The last two wines were to me the most complex and most cerebral of the day, Terramatter 2015 and Granit 2015. Terramatter is made from only organic Alvarinho grapes, fermented entirely in the concrete egg, sees further aging in the larger, elongated chestnut barrels, and is bottled unfiltered. Granit is also entirely Alvarinho from several closely planted small vineyard sites planted at 150 meters of altitude in dense granite soils – the idea is akin to a single vineyard wine. Fermentation of Granit is in steel tank, but at warmer temperatures than the other wines, as Luis has found through experience this helps to bring out more of the mineral expression of Granit from this set of vineyards in these specific granite soils. Batonage and aging on the lees add further complexity and depth to the wine while it ages before bottling.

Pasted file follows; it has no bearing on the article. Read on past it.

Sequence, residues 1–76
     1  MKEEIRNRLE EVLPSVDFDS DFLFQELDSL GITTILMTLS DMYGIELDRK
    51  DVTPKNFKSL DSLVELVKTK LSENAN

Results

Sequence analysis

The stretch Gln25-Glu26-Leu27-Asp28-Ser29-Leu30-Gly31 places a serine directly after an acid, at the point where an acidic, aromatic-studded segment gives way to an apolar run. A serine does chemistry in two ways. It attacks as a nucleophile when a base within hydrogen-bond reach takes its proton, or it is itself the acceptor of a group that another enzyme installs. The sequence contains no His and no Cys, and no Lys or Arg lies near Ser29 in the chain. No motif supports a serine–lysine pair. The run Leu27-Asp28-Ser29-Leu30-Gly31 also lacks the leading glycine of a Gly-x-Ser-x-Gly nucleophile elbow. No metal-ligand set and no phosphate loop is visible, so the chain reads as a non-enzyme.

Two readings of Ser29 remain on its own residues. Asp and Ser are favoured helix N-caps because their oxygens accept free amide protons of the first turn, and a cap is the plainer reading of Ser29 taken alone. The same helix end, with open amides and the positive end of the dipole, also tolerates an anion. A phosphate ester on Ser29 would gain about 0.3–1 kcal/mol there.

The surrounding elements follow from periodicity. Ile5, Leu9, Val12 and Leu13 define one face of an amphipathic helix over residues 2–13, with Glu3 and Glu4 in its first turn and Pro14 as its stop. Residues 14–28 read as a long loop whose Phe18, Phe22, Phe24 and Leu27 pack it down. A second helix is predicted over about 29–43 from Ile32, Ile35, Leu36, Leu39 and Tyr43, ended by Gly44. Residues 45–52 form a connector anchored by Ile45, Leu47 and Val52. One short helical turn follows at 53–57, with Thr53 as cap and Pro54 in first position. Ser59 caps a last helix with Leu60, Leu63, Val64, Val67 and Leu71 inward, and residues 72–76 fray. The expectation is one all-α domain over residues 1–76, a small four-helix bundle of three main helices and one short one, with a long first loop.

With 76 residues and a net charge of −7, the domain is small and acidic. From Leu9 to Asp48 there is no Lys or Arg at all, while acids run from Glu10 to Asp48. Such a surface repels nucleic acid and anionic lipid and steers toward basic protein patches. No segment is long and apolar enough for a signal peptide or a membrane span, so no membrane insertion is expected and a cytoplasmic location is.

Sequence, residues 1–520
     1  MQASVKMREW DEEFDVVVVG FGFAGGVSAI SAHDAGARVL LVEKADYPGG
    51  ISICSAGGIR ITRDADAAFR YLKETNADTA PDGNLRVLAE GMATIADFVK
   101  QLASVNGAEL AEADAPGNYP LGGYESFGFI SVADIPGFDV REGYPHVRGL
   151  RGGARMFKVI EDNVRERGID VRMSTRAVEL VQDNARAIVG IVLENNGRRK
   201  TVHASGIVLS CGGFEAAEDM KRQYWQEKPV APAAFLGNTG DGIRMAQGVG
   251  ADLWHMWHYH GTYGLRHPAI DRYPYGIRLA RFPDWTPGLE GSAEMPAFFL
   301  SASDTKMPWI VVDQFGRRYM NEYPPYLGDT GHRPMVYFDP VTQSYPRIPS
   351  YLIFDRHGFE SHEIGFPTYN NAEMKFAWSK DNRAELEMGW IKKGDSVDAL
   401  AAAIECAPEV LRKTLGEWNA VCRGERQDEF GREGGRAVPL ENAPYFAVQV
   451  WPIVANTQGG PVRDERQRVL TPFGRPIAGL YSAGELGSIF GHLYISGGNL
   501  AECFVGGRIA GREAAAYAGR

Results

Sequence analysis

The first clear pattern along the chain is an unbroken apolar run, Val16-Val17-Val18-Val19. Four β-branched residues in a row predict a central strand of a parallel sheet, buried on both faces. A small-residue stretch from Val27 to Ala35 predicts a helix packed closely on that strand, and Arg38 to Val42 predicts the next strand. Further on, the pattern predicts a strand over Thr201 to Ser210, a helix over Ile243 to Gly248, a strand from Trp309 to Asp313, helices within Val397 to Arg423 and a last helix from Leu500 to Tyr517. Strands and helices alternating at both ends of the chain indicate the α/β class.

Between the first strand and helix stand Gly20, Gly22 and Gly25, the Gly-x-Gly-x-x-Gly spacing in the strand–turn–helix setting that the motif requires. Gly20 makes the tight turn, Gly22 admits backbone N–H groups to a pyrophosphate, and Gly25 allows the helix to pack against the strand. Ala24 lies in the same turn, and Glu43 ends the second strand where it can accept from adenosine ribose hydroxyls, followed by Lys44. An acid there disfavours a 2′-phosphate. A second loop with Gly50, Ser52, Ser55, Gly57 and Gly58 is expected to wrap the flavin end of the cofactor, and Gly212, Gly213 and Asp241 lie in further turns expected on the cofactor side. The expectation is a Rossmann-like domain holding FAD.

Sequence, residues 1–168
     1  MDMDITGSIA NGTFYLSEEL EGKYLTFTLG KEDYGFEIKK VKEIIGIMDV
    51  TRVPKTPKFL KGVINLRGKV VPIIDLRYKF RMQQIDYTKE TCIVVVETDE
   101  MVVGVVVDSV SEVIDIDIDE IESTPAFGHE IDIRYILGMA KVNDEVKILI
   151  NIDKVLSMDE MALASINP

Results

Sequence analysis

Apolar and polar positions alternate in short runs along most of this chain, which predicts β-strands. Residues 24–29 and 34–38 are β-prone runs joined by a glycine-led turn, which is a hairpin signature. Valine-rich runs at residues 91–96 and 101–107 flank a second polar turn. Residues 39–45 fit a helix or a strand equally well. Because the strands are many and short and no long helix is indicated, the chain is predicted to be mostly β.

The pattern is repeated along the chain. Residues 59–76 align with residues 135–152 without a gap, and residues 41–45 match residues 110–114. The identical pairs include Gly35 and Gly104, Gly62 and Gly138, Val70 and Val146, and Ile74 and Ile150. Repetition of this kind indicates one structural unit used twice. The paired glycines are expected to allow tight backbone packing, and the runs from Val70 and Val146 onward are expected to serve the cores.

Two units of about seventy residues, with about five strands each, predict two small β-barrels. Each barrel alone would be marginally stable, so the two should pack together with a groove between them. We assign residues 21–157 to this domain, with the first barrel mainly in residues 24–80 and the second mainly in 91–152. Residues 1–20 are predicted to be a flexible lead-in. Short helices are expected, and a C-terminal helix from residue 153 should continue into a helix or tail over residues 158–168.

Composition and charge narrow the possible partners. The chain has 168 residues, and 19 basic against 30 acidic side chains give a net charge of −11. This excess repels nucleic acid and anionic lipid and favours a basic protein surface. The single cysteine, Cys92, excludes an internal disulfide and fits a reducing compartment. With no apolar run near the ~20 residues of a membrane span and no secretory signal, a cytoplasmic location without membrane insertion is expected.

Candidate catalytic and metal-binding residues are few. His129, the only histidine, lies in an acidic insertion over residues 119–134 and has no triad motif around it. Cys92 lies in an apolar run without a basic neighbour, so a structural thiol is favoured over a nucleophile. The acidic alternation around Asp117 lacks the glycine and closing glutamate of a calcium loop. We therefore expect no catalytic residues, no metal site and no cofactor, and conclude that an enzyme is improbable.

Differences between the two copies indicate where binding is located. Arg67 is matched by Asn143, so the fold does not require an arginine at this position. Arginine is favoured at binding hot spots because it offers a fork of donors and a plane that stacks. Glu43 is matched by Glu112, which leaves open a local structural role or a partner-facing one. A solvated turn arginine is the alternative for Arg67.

Having gone through more than half of the portfolio, we moved on to lunch to finish up tasting the portfolio and enjoy some revelry with our hosts and fellow guests. A short drive down the road took us to a set of vineyards in which the middle was a stone and mortar farmhouse where lunch was served. At lunch we feasted on local cuisine, much of it sourced from their own stable of organically raised pigs. Piquillo peppers, prosciutto, salads, multiple kinds of salumi, sausages, roasted vegetables and pork steaks composed a feast of ingredients sourced about 250 feet from the table. We started with a toast of the excellent Soalheiro Espumante Bruto’ Alvarinho 2015. Also made in the traditional Champagne method, this was a stunner and one of my favorites of the day. Personally, I think the better sparkling wines from Portugal are very underrated and have a lot of room to grow internationally once they start to gain a foothold and catch on in the marketplace. Not to mention they are generously priced when compared to their French muses.